• March 19 – Drafted and coordinated the distribution of a news release announcing the granting of Fund Against Censorship assistance for journalists Rovshen Kebirli, editor of Mukhalifet, an independent newspaper, and Yashar Agazade, a reporter of this publication, who had decided to take their case to the European Court of Human Rights after exhausting all domestic legal recourses.
  • March 12 – First post on China blog. The launch of the blog took many weeks of preparations. Ever since it was launched, I have refreshed the blog almost daily. This has included extensive research and in some cases reporting about items of interest.
  • April 1 – Culminated arrangements of contract with research service Lexis-Nexis for the blog.
  • April 13 – Presented my activities report before the WPFC Board during the American Society of Newspaper Editors annual meeting in Washington, DC.
  • April 15 – Presented my testimony before the Inter-American Court of Human Rights about the Globovision vs Venezuela case. This is considered a high honor for any press freedom group to be invited to testify before the Court.
  • April 17-19 – Live blogged about the activities of the WPFC’s “Beijing Olympics 2008: Winning Press Freedom” conference that took place in Paris.
  • April 29 – Presented a lecture about press freedom and the lack thereof before 15 Ukrainian journalists who were visiting Washington, DC, New York City and other US cities, as part of a trip organized by the International Center for Journalists.
  • May 6 – Drafted and coordinated the distribution of a letter to Turkish Prime Minister Recep Tayyip Erdogan congratulating him for the reform of Article 301 of the Criminal Code, which no longer punishes alleged suspects for “insulting the Turkish identity.” But we also urged him to take the necessary steps to eliminate completely all insult laws in existence in Turkey.
  • May 7-21 – Coordinated the editing and posting of 15 video clips from the Paris Conference about the Beijing Olympic Games and press freedom in China.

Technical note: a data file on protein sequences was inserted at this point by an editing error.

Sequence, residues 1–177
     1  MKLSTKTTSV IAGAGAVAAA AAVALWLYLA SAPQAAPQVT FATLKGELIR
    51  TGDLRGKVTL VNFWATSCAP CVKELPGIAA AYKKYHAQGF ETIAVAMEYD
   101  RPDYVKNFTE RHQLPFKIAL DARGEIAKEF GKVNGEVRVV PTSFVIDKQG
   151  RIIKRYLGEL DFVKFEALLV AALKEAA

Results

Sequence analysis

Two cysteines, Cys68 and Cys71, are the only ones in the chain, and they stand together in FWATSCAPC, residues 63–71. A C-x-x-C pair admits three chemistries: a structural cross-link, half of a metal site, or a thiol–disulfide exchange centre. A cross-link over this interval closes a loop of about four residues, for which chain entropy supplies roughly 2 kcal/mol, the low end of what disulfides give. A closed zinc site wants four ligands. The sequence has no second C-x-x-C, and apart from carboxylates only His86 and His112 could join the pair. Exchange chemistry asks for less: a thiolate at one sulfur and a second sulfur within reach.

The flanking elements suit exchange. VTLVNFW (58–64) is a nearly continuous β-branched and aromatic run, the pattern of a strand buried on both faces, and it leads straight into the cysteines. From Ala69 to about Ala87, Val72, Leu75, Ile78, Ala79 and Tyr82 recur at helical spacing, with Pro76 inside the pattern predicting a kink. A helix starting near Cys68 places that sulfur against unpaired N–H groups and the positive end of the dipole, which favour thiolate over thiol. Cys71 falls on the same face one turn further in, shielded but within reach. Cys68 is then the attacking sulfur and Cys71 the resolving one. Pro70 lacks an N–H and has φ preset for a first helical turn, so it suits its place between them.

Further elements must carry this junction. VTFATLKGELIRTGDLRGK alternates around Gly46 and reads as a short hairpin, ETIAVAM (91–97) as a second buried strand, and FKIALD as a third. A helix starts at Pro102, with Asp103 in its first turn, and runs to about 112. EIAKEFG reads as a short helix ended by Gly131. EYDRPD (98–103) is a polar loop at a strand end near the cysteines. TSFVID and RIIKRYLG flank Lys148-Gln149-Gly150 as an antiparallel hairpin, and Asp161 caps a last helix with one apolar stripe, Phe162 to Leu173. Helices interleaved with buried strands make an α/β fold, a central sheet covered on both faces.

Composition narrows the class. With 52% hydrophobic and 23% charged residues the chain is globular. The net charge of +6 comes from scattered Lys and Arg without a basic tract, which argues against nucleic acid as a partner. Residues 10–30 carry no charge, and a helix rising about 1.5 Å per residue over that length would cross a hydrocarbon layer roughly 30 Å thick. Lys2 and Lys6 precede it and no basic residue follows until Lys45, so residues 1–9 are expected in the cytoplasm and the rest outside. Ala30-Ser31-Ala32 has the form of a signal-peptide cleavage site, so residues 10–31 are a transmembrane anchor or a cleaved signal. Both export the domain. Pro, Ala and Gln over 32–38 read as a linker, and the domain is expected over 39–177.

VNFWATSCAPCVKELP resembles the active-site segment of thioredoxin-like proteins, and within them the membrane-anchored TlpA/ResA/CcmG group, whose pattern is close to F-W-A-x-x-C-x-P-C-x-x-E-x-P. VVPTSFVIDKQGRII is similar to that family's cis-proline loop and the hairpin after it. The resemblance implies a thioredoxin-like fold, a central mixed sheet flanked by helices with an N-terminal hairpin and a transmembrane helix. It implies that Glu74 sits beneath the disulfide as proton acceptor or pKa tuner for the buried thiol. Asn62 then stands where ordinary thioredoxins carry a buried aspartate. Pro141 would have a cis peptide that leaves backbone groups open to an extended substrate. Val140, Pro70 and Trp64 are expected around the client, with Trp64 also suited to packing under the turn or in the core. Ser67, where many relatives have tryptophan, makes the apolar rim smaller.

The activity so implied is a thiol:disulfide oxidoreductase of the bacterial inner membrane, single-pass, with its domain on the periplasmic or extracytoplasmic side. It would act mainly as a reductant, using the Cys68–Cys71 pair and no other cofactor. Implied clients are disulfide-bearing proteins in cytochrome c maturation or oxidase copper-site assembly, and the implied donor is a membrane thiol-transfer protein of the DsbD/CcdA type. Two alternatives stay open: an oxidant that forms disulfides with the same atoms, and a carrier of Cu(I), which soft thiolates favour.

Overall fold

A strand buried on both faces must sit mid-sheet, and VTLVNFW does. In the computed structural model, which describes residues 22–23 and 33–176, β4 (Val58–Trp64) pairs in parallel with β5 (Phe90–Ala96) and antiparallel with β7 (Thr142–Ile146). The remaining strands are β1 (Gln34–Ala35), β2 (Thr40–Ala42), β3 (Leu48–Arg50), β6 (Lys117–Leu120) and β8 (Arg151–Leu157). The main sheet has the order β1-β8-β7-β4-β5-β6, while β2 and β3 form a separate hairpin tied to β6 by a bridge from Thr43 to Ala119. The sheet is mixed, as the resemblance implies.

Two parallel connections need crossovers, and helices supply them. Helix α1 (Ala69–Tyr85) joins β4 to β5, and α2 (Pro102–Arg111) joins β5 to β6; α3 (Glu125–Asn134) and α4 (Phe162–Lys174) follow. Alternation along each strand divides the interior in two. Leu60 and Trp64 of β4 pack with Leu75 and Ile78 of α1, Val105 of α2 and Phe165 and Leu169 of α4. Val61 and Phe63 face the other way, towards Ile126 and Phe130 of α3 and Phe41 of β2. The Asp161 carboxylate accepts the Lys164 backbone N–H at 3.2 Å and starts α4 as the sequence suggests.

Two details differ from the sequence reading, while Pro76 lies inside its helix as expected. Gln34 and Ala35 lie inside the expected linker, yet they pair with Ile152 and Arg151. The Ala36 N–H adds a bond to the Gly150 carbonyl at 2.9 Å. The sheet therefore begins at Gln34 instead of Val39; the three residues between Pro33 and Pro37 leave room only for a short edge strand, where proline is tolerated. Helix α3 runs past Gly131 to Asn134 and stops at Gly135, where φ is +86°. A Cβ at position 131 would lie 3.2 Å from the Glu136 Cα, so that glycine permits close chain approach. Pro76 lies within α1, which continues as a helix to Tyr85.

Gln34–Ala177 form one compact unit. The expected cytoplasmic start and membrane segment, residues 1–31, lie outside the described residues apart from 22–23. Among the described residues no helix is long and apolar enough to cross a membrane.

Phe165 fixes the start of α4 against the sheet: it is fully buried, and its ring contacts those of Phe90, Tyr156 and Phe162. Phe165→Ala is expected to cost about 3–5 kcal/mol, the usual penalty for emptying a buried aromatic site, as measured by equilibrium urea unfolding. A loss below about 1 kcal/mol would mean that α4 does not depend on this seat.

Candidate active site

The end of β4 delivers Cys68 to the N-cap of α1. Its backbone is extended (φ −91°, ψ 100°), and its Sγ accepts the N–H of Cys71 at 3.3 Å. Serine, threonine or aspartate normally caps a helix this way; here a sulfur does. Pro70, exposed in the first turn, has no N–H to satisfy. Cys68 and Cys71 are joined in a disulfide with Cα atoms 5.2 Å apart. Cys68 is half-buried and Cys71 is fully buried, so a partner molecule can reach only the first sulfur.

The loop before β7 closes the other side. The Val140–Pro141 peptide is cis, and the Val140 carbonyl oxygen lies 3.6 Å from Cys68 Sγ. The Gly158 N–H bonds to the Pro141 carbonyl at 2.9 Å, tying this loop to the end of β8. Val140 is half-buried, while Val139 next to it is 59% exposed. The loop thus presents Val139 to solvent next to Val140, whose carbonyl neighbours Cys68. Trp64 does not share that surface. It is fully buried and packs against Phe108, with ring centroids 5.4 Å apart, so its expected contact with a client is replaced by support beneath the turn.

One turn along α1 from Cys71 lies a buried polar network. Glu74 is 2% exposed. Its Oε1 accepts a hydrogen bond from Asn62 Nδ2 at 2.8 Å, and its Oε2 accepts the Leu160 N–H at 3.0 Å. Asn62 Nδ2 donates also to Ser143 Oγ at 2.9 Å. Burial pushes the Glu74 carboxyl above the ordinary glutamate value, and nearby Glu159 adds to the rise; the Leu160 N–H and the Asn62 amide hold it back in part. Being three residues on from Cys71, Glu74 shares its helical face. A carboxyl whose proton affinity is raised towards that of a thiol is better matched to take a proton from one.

• May 13 – Presented a lecture about press freedom and the lack thereof, and how to defend themselves from judicial harassment before 16 Uzbek journalists. The group visited the US under the auspices of the International Center for Journalists.
  • May 14 – Had a private interview with Inter-American Commission on Human Rights Executive Secretary Santiago Canton about the process to select the new rapporteur.
  • May 20 – Started the process, including meetings and negotiations, to redesign the blog platform.
  • May 26 – Coordinated logistics for the presentation of our amicus curiae brief supporting Argentine journalist Eduardo Kimel’s case before the IA Court HR. The resulting favorable decision was a major victory for press freedom in the Americas. We started our support for Kimel back in 2000.
  • May 27 – First personal interview with Marc Silver about his NGM article about insult and criminal defamation cases. Contacts started two months ago. This took two months of almost daily contacts and research follow-ups with journalists from several parts of the world.
  • June 2 – Drafted and coordinated the distribution of a letter congratulating the Inter-American Court of Human Rights on its ruling for Argentine journalist Eduardo Kimel. The court ruled that the laws that protect a person’s honor in Argentina violate the American Convention on Human Rights and that State must reform its legislation accordingly.
  • June 6 – Drafted and coordinated the distribution of a letter to Azerbaijan’s President Ilham Aliyev about journalist Agil Khalil’s being the victim of physical attacks, including a stubbing that nearly killed him.
  • June 12 – Upon the invitation of the International Center for Journalists, participated as a panel member at an international videoconference organized by the State Department’s Foreign Press Center. I shared the podium with a Mexican and a Colombian journalists to discuss the state of the media in Latin America and the Caribbean. In attendance, there were journalists from all over Latin America in situ, and others who joined in from US consulates in Tijuana, Ciudad Juarez and Guadalajara. The one-and-a-half-hour panel, the third one I’ve done for ICFJ, focused on the press freedom situation in the US-Mexican border cities, which is one of the worst in the world.
  • June 25 – Coordinated our efforts to influence the Inter-American Commission on Human Rights during its selection of a new Special Rapporteur.